Three scientists walk into a bar...
No, this is not the beginning of a joke, but rather of a new initiative that got kicked-off on 27 November in Brussels, Belgium.
PUBhD Brussels is a format in which young scientists get the chance to talk about their research infront of an interested audience. The idea – help researchers get more at ease with science communication and outreach. PUBhD exists around the world, but we added a little twist to the Brussels edition. We decided to include micro-workshops after all the talks for those interested in different aspects of science communication and may be dipping their own toes with either of the tools we plan to outline in the future editions.
The first is always special!
For our first edition we had three researchers from vastly different fields of research and a bunch of friendly people coming to learn something new.
Historical look for future sustainability
First up was Véronique De Herde from UCL. She talked about her research on the historical influences of the modern dairy food and supply chains and how those influences can be taken into account when aiming for a more sustainable production, distribution and use of dairy products in Belgium.
One of Véronique’s most valued points according to our audience was that sustainability is not an abstract aim that can be conceived in disregard of historical factors affecting the players in a given industry.
Striving to be proven wrong
Next us was the gentleman for the evening. Leendert Hayen from KU Leuven is a theoretical physicist who loves to be proven wrong by experimental physicists. He conducts thought experiments and with the help of high-level math he makes hypotheses on the outcomes of nuclear decay in different conditions.
He is most happy when his experimentalist colleagues prove his hypothesis wrong. For when they show experimentally something unexpected, Leendert knows science has stumbled upon something new that out to be studied.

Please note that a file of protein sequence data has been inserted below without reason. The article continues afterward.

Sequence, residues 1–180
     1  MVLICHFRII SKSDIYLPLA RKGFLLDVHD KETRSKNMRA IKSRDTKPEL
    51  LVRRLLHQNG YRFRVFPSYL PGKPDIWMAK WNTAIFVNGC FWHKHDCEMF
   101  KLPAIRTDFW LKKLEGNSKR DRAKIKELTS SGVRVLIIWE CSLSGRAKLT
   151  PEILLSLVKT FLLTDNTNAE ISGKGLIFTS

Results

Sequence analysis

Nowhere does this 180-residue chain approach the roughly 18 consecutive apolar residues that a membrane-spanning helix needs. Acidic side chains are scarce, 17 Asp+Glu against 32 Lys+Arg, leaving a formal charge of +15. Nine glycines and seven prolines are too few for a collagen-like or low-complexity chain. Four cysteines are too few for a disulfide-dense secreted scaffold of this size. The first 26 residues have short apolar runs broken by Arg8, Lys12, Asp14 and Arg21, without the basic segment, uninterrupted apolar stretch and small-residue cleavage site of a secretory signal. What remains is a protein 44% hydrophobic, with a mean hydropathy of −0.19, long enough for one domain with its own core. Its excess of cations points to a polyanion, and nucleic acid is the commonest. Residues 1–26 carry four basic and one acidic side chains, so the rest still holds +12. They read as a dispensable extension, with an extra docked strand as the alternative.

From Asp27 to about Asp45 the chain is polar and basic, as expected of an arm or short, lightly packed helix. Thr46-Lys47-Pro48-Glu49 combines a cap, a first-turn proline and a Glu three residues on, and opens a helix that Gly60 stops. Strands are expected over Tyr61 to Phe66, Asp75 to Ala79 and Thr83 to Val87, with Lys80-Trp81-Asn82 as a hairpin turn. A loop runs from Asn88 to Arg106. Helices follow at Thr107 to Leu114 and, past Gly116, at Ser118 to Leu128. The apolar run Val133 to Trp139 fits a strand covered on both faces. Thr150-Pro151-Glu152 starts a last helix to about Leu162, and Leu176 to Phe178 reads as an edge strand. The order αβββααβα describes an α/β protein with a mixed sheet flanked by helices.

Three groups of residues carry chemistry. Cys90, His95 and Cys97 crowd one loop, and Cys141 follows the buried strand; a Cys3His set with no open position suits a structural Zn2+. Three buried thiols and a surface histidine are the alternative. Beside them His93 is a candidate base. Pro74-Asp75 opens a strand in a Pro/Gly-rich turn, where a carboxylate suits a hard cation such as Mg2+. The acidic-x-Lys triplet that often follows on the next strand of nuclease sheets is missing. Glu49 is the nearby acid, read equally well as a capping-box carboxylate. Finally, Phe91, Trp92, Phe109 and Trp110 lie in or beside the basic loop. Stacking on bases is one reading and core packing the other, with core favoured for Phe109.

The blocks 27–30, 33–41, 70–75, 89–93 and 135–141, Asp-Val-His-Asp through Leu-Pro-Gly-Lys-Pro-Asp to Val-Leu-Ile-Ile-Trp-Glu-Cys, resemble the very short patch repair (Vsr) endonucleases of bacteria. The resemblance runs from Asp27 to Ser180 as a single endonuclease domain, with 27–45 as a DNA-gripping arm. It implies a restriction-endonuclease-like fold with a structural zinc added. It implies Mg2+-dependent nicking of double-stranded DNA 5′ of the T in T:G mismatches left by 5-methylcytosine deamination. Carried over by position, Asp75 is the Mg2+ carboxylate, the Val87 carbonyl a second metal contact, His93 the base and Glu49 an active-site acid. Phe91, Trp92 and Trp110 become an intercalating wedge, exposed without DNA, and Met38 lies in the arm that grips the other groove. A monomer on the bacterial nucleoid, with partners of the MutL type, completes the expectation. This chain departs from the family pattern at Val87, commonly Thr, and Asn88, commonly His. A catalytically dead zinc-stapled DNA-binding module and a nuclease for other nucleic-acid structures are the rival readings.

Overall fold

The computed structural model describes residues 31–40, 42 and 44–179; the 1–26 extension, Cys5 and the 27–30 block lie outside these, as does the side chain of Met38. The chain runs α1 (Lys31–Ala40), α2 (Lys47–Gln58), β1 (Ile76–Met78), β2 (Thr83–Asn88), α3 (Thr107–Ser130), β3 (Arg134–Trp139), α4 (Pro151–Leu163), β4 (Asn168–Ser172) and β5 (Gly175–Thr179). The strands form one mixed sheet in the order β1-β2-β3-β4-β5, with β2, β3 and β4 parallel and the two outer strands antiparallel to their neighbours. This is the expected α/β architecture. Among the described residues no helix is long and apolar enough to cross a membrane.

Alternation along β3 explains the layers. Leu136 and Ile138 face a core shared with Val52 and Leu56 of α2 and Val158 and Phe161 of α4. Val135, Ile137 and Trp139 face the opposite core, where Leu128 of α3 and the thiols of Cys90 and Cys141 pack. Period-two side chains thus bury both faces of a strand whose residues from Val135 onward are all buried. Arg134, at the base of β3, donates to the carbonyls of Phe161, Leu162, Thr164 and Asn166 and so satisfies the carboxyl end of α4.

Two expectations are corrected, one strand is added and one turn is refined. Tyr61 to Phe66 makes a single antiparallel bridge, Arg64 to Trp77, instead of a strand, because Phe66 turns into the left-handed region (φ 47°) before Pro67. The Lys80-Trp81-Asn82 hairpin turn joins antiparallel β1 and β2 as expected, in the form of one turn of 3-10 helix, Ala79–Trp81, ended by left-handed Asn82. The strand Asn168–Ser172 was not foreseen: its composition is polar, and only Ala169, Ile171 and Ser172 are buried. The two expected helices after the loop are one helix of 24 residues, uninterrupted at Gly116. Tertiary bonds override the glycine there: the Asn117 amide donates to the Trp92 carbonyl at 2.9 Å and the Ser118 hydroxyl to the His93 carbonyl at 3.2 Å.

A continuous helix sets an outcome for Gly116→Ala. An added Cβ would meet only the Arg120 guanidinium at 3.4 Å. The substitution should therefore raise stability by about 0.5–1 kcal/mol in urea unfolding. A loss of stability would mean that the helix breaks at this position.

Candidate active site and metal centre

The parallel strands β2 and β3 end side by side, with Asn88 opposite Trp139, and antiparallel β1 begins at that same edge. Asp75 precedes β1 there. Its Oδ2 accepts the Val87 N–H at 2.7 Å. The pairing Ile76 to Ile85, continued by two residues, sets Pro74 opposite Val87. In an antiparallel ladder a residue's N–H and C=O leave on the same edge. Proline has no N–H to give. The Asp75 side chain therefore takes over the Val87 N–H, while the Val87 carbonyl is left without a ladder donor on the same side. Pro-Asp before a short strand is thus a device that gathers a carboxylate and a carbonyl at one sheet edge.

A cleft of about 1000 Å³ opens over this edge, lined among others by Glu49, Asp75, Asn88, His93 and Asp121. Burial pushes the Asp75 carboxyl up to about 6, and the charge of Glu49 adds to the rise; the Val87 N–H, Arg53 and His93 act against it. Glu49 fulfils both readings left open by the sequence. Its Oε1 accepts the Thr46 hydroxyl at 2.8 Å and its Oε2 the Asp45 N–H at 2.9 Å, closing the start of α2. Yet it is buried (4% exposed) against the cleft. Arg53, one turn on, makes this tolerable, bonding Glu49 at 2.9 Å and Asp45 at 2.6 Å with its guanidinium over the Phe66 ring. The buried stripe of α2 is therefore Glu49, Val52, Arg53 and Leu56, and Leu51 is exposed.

Growing a virus to be able to fight it
Jana van Dycke, also from Leuven, went on to blow the minds of the attendees with her work on fighting pathogenic viruses. Who knew that a virus that is extremely contagious and can cause severe symptoms and even death in people with weakened immune system can be virtually impossible to grow in the lab?
Jana talked about her efforts to establish a new model system for growing norovirus in the lab. Her purpose, nobel of course, is to make it easier for scientists to try new drugs and vaccines to stop the disease from spreading.
A look into the kick-off event
Pictures by Bruno Andrade.
Looking into the future of PUBhD Brussels
The feedback we received from the people who came was so overwhelmingly positive, that we are sure the will be another edition. December and January are difficult months for scientists, especially travelling between home country and country of research, so we are probably looking at late January or early February, but safest thing to so is to follow our facebook page @pubhdbrussels. We create our events there and post updates. If you are not much of social media buff, you can always send us your contacts to firstname.lastname@example.org and we will send you a newsletter when the new date is settled with all the other details.
Become a PUB-scientist
If you yourself are a scientist and want to give our format a try – by all means you are welcome. We love all science, so as long as you are passionate about your own research, you are welcome to share that passion with our network. Drop us a line on our email on Facebook to express interest and we will get back to you to find you a spot!